On the other side of the kitchen, with arms folded and eyes narrowed, the ghost of 3B stares Danny down.
Danny is a reasonable guy. He likes order and precision, is always the one who balances the books at the coffee shop he works at, uses a spreadsheet for his personal budget; he likes reason. But there is no reasonable explanation for why there is a ghost in his kitchen having a staring contest with him.
Still, it’s happening, so Danny tries hard not to blink. His eyes water. One twitches.
“Goddammit!” He throws his hands up, glaring hard at the ghost when it lets out a cheer. “Shut up.”
“It’s not my fault I’m better at staring than you,” the ghost says, grinning widely. “To be fair, I have had a bit more experience than you.”
Danny points a warning finger at the specter before taking a deep breath. “I’m going to need my kitchen, you asshole. I actually eat.”
“You won the bedroom,” the ghost says, shrugging. The only thing breaking the ghost’s bored demeanor is its still-twitching lips, a grin fighting its way across.
“This is my apartment.” Danny tries again for the logical argument. “It was mine first.” The two had been through this once already. “I’m the one paying rent.”
The ghost doesn’t walk so much as appear next to Danny in the next second. “There’s real discrimination in the job market. No one wants a dead guy.”
Danny snorts. “The Realtor should have led with this.”
“And yet,” the ghost shrugs, disappearing before blinking into existence, sprawled out on a kitchen chair.
Danny side-eyes the flickering ghost. He lost the remote control to a round of rock-paper- scissors, and now the kitchen to a staring contest. At this rate, he’d be lucky to keep the bathroom.
Danny considers for a moment and arrives at the conclusion that there are two options.
Option one: Move away from this literal haunted house. That’s the plan that makes sense.
There is a ghost, and that really is not in the lease. But Danny doubts that the property manager will believe him. There’s no way that Danny would get his first month’s rent and deposits back. He can’t afford a different place.
So, option two: Befriend the ghost. Sure, the ghost is dead. Or undead. Or… well, he doesn’t exactly know the proper adjective. Up until two weeks ago, he’d been a staunch unbeliever, and he hadn’t studied occult terminology. He probably should now.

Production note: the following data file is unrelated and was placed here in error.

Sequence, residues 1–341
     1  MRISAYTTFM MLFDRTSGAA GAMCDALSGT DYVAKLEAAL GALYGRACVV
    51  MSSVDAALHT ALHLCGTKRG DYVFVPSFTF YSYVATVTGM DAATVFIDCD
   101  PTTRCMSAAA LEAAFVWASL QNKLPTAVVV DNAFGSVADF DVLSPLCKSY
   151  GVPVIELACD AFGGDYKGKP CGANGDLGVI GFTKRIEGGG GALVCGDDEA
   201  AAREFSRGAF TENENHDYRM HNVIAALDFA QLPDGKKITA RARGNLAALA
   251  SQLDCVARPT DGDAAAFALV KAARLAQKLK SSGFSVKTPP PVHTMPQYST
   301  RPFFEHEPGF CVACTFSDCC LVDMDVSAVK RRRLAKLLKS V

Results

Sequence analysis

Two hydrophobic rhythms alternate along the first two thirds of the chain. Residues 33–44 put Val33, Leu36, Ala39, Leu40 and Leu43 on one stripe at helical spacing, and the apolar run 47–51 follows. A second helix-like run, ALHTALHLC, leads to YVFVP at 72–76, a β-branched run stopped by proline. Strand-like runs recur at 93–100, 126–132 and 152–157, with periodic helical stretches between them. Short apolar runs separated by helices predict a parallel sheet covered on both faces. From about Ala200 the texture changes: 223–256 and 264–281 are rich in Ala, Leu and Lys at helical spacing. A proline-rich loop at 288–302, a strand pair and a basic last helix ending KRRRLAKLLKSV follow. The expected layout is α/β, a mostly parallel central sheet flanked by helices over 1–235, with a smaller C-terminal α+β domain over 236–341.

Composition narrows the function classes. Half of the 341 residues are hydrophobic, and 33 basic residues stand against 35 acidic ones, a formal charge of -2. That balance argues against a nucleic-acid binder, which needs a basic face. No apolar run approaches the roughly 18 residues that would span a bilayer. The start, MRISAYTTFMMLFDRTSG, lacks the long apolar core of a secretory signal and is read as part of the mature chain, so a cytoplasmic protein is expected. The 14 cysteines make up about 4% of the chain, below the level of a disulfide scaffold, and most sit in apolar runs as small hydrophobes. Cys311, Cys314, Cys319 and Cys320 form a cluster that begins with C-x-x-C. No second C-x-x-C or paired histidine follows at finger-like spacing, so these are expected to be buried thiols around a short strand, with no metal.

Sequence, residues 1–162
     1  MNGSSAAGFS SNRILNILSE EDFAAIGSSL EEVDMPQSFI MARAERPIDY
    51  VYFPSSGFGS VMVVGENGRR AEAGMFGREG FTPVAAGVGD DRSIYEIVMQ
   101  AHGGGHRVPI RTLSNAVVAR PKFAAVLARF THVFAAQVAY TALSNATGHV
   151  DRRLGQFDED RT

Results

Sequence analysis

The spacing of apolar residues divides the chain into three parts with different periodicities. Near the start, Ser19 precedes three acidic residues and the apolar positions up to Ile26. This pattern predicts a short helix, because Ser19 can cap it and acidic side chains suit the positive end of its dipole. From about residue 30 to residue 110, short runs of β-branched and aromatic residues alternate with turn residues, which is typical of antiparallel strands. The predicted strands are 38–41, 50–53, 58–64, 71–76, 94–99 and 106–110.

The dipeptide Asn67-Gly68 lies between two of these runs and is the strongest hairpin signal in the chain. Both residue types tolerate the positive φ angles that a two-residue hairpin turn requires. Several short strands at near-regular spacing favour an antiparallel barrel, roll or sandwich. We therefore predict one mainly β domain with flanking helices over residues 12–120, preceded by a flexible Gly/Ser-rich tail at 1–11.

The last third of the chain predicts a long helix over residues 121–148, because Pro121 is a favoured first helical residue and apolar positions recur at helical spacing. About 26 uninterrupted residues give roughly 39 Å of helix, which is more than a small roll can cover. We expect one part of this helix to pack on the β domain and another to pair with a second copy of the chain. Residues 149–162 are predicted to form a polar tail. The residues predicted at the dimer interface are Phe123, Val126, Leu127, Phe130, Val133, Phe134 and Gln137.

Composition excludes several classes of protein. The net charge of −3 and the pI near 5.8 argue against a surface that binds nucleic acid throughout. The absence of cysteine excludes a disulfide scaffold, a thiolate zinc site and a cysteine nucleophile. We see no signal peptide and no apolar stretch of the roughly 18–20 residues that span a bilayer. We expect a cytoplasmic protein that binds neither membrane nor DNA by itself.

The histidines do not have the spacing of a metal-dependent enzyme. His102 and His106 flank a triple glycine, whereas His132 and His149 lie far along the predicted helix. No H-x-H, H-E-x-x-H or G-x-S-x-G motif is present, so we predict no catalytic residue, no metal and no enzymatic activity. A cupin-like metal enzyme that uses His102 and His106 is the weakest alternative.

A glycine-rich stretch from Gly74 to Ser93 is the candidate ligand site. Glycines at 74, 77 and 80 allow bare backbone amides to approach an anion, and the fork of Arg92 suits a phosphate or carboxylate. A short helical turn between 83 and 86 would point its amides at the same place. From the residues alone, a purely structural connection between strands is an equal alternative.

This is crazy. Danny is crazy.
Danny tentatively sits across from the ghost. It smiles; Danny frowns.
The ghost is shaped like a man — maybe is a man? Is there an appropriate way to ask a ghost about its relationship to human gender? Danny files that away for later.
At any rate, the ghost has long hair, falling just an inch or two below the shoulders, blonde, almost white, but it’s hard to see; the ghost isn’t see-through or anything, but difficult to focus on. It’s not a physical thing as far as Danny can tell; more like reading when it’s too dark. He has to squint to really see the sharp outline of the ghost’s body.
“What’s your name?”
The ghost’s head snaps up and its eyes narrow on Danny. They’re brown, Danny thinks, and large. The ghost has nice eyes. “I’m Adam.”
Adam. Adam the Ghost.
Danny lets out a laugh. It’s just on the line of hysterical. “Sorry I haven’t asked yet.”
“I get it,” Adam shrugs. “Ghost, human. Bound to be difficulties.”
Danny doesn’t realize he’s biting the inside of his cheek until he tastes blood. “Listen, we gotta… hash this out, I think.”
Adam’s eyebrows pull together. “Hash what out?”
“I can’t live without my kitchen, man!” Danny buries his face in his hands. “I need… my fridge! The coffee pot. And I want to watch TV.”
There’s a flicker across Adam’s face; not an expression, though that’s there, too, but a literal
flickering of his visage. He appears and reappears, starting with his face. Danny laughs again. He’s going to need so much therapy.
“You’re staying?” Adam asks, after a long pause.
Danny lowers his hands. He shrugs. “Yeah, man. You’re staying?”
Adam tilts his head, still frowning. He’s suddenly much clearer than he has been to this point. “I’m staying.”
There’s another pause that Danny is too exhausted to try to understand. He raps his knuckles on the table. “I’m going to go sleep. Forever!”
He leaves the kitchen and tries not to be weirded out by the silence. Of course Adam’s silent.
Well, that’s that, then. Danny has a ghost roommate.